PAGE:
Writing for a unanimous Court, Justice Thomas delivered the opinion in Association for Molecular Pathology v. Myriad Genetics, Inc. The Court held that a naturally occurring DNA segment is a product of nature and not patent eligible merely because it has been isolated, but manmade cDNA is patent eligible because it is not naturally occurring. The case involved the well-known BRCA1 and BRCA2 genes, which can involve mutations that increase the likelihood of breast cancer.  The ruling is significant for a variety of companies (including Myriad) that hold important DNA patents. But for the industry as a whole, it offers the prospect of significant patent protection for cDNA, as well as other inventions derived from human DNA.  Justice Scalia filed an opinion concurring in part and concurring in the judgment.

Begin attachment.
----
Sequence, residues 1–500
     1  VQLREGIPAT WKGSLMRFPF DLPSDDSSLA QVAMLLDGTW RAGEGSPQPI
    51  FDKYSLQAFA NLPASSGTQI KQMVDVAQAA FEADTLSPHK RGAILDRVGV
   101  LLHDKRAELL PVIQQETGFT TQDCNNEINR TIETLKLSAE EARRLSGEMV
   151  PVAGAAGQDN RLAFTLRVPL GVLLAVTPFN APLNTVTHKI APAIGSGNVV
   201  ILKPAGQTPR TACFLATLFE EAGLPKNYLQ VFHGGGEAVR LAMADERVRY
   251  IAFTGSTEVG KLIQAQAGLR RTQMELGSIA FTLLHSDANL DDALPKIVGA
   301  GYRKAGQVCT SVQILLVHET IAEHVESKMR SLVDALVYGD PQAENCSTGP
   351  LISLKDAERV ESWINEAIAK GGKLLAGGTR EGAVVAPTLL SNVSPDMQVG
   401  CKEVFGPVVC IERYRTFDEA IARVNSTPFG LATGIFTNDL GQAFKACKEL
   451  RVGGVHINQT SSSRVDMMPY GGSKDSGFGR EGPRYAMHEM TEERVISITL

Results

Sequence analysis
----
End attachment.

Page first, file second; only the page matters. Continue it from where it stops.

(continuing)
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Posted in Association for Molecular Pathology v. Myriad Genetics, Merits Cases

Recommended Citation: Tom Goldstein, Details on Association for Molecular Pathology v. Myriad Genetics, Inc., SCOTUSblog (Jun. 13, 2013, 11:28 AM), http://www.scotusblog.com/2013/06/details-on-association-for-molecular-pathology-v-myriad-genetics-inc/